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pocstock increases meaningful representation with stock photos

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By Julie A. Palm

In an ideal world, pocstock might not need to exist, says Steve Jones, co-founder and chief executive officer of the premium stock photo service, which focuses on images of people of color.

We are not living in an ideal world, but pocstock is helping to build toward one by serving as a valuable resource for corporations, news outlets, marketers, advertisers, content creators, social media influencers and others seeking diverse — and accurately representative — images.

example of images available on pocstockSomeday, “hopefully the world won’t need us anymore — and that’s a good thing,” Jones says. “The current so-called ‘minorities’ will be the majority population, and our content will need to be as ubiquitous as content of Caucasians currently is. [As people of color], our stories will be commonplace, and we won’t have to fight for relevance or just to matter anymore.”

pocstock is led by four co-founding partners: Jones; Tamara A. Fleming, chief content officer; DeSean Brown, chief relationship officer and Sean Anderson, chief technology officer. The company’s team includes 16 employees and consultants working in six states and five countries, and is “diverse by design,” Jones says.

“The people on our team consist of African American, Caribbean, Hispanic and Latinx, Asian and Caucasian, LGBT, etc. We understand that diversity can’t just be about race. We have people of all ages and backgrounds that bring so much diverse experience and perspective to the company,” Jones says. “Most of us have worked inside Fortune 500 companies at some point in our careers and we know how we all felt at times – not heard or seen, not valued. We are building a company culture that puts diversity, equity and inclusion at the center.” pocstock is in the process of obtaining Minority Business Enterprise certification from the National Minority Supplier Development Council, New York City and the state of New Jersey.

Fleming’s experience working in the news business, first as a photo editor and then as a photo desk manager, showed her the need for more diverse images and led to her interest in co-founding pocstock.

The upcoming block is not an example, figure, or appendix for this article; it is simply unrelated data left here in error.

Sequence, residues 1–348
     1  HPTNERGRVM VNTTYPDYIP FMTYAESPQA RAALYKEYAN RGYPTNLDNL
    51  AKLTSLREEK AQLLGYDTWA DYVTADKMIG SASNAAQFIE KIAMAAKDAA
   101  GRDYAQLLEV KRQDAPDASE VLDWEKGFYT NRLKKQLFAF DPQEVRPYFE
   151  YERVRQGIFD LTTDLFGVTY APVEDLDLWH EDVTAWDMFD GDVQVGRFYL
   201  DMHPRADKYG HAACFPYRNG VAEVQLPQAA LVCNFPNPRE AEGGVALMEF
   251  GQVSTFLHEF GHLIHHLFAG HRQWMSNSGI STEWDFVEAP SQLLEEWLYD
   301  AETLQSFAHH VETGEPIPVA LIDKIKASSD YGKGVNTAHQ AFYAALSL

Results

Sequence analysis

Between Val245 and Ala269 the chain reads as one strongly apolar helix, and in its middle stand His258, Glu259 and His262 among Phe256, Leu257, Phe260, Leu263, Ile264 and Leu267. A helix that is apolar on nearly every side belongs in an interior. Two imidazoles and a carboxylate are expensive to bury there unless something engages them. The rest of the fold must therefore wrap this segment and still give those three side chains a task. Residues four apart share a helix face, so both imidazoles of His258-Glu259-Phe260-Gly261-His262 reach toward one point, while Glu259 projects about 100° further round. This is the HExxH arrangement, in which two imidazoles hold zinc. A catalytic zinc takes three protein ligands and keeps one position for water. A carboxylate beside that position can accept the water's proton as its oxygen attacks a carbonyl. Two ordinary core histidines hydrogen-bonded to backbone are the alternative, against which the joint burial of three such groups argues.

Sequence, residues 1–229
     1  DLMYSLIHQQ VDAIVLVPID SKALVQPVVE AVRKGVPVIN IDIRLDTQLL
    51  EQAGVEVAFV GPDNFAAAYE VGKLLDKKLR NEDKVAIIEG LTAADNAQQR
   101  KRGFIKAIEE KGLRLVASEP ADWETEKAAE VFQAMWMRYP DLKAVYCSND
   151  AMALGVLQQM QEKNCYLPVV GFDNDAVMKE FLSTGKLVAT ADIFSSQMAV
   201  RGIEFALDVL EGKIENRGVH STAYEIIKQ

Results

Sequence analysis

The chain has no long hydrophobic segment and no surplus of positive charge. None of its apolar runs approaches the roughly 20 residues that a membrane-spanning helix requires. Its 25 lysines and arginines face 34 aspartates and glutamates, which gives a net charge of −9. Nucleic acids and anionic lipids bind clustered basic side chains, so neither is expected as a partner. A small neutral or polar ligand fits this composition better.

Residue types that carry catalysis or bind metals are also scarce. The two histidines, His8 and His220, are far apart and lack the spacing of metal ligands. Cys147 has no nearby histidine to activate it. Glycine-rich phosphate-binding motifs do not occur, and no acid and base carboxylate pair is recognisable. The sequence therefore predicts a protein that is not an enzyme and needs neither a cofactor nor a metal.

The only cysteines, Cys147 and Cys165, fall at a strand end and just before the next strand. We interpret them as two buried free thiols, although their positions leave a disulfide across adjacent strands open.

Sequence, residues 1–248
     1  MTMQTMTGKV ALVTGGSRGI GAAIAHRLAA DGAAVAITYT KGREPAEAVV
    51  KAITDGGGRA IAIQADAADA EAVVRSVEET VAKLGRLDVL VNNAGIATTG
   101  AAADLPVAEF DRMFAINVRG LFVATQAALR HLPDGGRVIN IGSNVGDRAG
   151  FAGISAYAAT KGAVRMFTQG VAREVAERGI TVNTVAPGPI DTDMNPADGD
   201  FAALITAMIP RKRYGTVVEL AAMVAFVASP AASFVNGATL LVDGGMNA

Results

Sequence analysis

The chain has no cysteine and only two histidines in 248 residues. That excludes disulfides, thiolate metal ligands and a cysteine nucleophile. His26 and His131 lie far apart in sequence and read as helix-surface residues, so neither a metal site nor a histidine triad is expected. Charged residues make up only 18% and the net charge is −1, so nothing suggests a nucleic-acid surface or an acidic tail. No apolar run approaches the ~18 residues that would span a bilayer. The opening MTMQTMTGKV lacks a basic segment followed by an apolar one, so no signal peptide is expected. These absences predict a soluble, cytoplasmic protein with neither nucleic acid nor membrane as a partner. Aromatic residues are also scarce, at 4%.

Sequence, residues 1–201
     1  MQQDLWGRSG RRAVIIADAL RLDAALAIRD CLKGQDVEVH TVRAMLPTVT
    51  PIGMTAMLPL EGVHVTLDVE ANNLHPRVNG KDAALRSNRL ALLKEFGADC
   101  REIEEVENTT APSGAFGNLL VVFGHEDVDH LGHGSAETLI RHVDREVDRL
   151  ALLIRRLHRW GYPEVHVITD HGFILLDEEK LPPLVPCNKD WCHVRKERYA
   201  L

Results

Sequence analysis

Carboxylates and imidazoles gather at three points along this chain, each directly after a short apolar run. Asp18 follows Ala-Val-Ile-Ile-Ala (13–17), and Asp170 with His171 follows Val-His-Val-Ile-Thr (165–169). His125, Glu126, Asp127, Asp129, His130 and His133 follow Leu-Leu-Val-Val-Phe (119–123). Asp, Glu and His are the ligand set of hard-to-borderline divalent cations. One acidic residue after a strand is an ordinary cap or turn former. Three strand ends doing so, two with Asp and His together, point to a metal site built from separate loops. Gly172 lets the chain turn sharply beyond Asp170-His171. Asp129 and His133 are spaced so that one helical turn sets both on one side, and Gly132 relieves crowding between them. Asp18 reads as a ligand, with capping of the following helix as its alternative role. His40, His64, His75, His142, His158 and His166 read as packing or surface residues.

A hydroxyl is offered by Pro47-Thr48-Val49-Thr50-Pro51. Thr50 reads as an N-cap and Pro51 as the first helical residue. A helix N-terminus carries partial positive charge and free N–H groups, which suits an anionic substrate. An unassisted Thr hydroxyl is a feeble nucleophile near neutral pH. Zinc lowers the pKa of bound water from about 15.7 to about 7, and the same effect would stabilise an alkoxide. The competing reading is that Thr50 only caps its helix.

“I loved it,” Fleming says of those early jobs. “I do, however, remember thinking that the stories being told were not stories inclusive of people of color. And whenever an image with a press release included a person of color, the image was very dated, lacked connection and was very stereotypical. Just plain wrong.”

pocstock competes against large stock image companies like Getty Images, Shutterstock and Adobe Stock, and it’s not only the company’s focus on images of people of color that sets it apart from the other services.

“Our platform and services are centered around helping customers navigate the complex cultural distinctions between races, ethnicities and cultures,” Jones says. “For example, every piece of content in our stock platform is tagged and categorized by the race, ethnicity, gender, location, and age of the model(s). We also provide diversity consulting services for customers to help them find exactly what they need.”

In addition to its practical services, pocstock has a deeper mission.

“The stories that are commonly told about people of color in the media do not often depict that the rich and diverse nature of our cultures is what makes us amazing,” Jones says. “We’re here to shape the world’s perception of people of color by filling in the gaps that the media has conveniently left unfilled for decades, showing that there are many more sides of us.”

For example, pocstock ran a Father’s Day campaign aimed at changing what is often a negative narrative about Black fathers. The campaign included a photo contest with a $1,000 cash prize for the winning collection, a social media campaign (#BlackDadChallenge), a video series focused on childbirth and fatherhood through the lens of Black fathers, and a fireside chat with fathers streamed on social media.

Dee C. Marshall moderated the fireside chat. The panelists included diversity leader Lamont Robinson, CEO of RLC Diversity; legendary TV and music video producer Benny Boom; Corey Smith, MLB’s Chief Diversity Officer and Charles Thompson III, Senior Director of Fund Development and Marketing at the National Society of Black Engineers.

“These guys authentically shared some of their most intimate and heartfelt personal and workplace challenges and triumphs as Black dads,” says Robin Dillard, our publisher and an active audience participant at the event.

In addition to using pocstock for their stock images, Derrick Larane, director of content operations, encourages BEQ Pride readers to spread the word about the company (much of its growth has come through word-of-mouth) and urges photographers to become contributors. And the company is always looking for models — both professional and amateur — for photoshoots.

“We are committed to continuous collaboration and partnerships with our communities and available resources. It is our intent to be more than just a company, but a movement toward the celebration of authenticity,” says Ebony Sierra, director of business operations. “I’ve realized how our stories have been told over time via media through a very limited lens, yielding an inauthentic depiction of who we are as people of color. We are committed to reclaiming our power and making a bigger imprint in this world. pocstock is more than just an organization, it is a movement and a call to action! Let’s change the narrative!”

Business Equality Pride (BEQPride) is the first publication from the BEQ family of national print and digital magazines exclusively addressing the needs of LGBTQ small-to-medium sized businesses, entrepreneurs and professionals.